Three people have now accused a former Morrison government adviser of sexual assault. 

Former Liberal Party staffer Brittany Higgins is preparing to make a statement to the AFP this week about a sexual assault in the office of  Defence Minister Linda Reynolds.

In the week since Ms Higgins first aired her claims, two more women have come forth with allegations about the same alleged perpetrator. 

The person accused of the sexual assaults is yet to be named publicly. 

The second woman, also a former Liberal staffer, said she was inspired by Ms Higgins’ coming forward. 

“I am telling my story because I want to support Brittany [Higgins] and I want to help shine a light on this awful culture,” she told News Corp reporters. 

She said that she had met Senator Reynolds’ former ­adviser during the 2016 federal election campaign, and had arranged to meet him last year. 

“We went out to dinner and he kept buying me drinks, and I’m a lightweight when it comes to that,” she said. 

“We went back to my place and we were kissing … we were going to have sex and I said he had to wear a condom. He refused and we argued and I told him five or six times that we couldn’t have sex unless he wore a condom. I was drunk and he just got on top of me, I said no, and then he was ­inside of me and I kept saying no.”

She said her alleged assault may not have occurred if the government had supported Ms Higgins.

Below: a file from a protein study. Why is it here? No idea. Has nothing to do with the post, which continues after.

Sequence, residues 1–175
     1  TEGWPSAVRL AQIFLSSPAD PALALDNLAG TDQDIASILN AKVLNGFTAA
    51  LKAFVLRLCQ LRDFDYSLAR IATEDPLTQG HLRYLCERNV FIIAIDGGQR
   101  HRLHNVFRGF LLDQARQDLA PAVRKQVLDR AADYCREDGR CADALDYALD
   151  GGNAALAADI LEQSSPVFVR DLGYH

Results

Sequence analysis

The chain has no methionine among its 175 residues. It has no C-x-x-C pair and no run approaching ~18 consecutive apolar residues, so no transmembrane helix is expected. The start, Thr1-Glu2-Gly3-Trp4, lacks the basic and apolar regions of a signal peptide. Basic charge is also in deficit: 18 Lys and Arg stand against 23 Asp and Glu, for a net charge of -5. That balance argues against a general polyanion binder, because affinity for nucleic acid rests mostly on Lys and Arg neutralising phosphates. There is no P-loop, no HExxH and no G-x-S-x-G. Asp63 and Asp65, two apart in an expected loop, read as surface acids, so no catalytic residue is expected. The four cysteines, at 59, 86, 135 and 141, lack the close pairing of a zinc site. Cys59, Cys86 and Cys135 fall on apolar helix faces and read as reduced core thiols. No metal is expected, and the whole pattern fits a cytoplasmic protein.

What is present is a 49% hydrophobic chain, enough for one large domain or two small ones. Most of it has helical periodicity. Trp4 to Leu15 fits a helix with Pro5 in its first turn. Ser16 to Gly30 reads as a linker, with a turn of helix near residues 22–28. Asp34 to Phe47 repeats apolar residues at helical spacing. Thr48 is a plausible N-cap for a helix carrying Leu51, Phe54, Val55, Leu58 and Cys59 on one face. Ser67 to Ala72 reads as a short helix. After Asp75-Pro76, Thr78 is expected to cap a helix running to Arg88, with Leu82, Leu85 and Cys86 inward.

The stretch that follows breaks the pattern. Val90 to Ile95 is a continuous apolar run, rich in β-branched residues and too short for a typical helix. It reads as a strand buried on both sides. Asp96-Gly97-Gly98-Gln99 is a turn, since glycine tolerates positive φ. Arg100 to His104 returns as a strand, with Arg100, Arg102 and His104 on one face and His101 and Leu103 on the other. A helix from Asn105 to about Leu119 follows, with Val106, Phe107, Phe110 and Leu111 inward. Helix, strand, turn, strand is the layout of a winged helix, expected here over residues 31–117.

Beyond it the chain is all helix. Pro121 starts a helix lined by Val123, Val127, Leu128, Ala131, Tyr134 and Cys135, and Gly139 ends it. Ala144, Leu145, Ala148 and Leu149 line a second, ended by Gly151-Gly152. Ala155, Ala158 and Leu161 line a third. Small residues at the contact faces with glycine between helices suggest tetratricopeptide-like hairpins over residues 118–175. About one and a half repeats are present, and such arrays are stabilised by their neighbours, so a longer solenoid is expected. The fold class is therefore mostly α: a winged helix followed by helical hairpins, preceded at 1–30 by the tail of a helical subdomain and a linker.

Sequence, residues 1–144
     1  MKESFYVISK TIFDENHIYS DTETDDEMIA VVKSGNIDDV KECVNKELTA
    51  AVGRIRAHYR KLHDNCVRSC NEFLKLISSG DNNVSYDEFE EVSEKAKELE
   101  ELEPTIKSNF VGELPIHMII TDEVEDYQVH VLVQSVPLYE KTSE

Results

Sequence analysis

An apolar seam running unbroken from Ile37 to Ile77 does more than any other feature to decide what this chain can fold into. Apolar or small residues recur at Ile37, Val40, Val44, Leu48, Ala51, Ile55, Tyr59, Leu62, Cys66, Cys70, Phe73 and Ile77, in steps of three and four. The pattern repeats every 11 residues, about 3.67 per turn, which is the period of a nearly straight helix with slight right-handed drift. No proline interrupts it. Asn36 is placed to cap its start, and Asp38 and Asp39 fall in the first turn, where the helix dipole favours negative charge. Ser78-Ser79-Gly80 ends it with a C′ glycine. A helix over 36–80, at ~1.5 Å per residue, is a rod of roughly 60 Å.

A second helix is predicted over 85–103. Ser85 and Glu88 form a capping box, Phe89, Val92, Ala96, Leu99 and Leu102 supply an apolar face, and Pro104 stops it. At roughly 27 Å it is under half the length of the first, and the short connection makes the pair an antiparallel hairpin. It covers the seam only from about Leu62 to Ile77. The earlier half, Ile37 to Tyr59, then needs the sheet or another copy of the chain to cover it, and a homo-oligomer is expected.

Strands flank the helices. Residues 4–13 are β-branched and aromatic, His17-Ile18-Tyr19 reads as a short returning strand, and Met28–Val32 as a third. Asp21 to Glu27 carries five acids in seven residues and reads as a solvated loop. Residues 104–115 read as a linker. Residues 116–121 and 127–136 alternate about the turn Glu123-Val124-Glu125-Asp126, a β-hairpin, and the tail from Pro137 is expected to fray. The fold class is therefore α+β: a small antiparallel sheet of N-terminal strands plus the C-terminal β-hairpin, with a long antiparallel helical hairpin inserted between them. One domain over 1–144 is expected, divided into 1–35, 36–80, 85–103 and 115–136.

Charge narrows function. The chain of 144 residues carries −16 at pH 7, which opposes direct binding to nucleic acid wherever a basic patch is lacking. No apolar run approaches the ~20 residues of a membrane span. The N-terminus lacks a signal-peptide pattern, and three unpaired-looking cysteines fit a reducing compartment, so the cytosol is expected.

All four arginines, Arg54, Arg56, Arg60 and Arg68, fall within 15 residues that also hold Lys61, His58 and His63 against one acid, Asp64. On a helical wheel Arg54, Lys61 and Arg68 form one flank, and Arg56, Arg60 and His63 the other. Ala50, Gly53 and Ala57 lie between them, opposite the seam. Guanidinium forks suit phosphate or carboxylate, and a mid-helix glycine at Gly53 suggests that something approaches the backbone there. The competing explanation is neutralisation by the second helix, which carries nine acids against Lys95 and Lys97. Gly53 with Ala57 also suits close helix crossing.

“If this had been properly dealt with by the government in 2019 this would not have happened to me,” she said.

Ms Higgins says she has felt that she was forced to choose between reporting the alleged assault to police or keeping her job, and has since accused Prime Minister Scott Morrison of “victim blaming”. 

Days later, a third woman, who had worked as a Coalition volunteer during the 2016 election campaign, alleged she was assaulted by the same former political staffer.

The woman has supported her allegations with a statutory declaration. She says she was barely out of high school when she joined a group of campaign volunteers days before the 2016 election.

She claims that the alleged rapist had taken her to his hotel room and assaulted her while she was unconscious. 

“He performed or tried to perform sexual acts on me whilst I was severely intoxicated and unable to provide valid and informed consent,” she said.

“I was severely embarrassed about it and felt dirty and ashamed and I didn’t want to tell anyone,” she told reporters.

“I later realised I was so drunk, I was not able to give any consent.

“Hearing Brittany Higgins’ story, it was so eerily similar, it made me think this person has a pattern of behaviour.”

The string of allegations has prompted questions about when Mr Morrison’s advisers and staff in Senator Reynolds’ office chose to inform the Prime Minister of the allegations.

The opposition says there are “many holes and discrepancies in the government’s account” of what it knew, and when. 

The Prime Minister has asked Department of Prime Minister and Cabinet secretary Philip Gaetjens to look into a leaked text message that appears to contradict his claim that his office first found out about the alleged sexual assault of Ms Higgins when it was revealed in media reports. 

Fiona Brown was Senator Reynolds’ chief of staff at the time of Ms Higgins’ alleged rape in 2019. She reportedly handled the matter and instigated support for Ms Higgins, but sought to protect the alleged victim by not passing ­information on to the Prime Minister’s office. Ms Brown now works in Mr Morrison’s office.

The human resources system for federal parliament - which is run by the departments of Finance and Parliamentary Services and should have helped deal with Ms Higgins’ alleged rape - is due to be overhauled.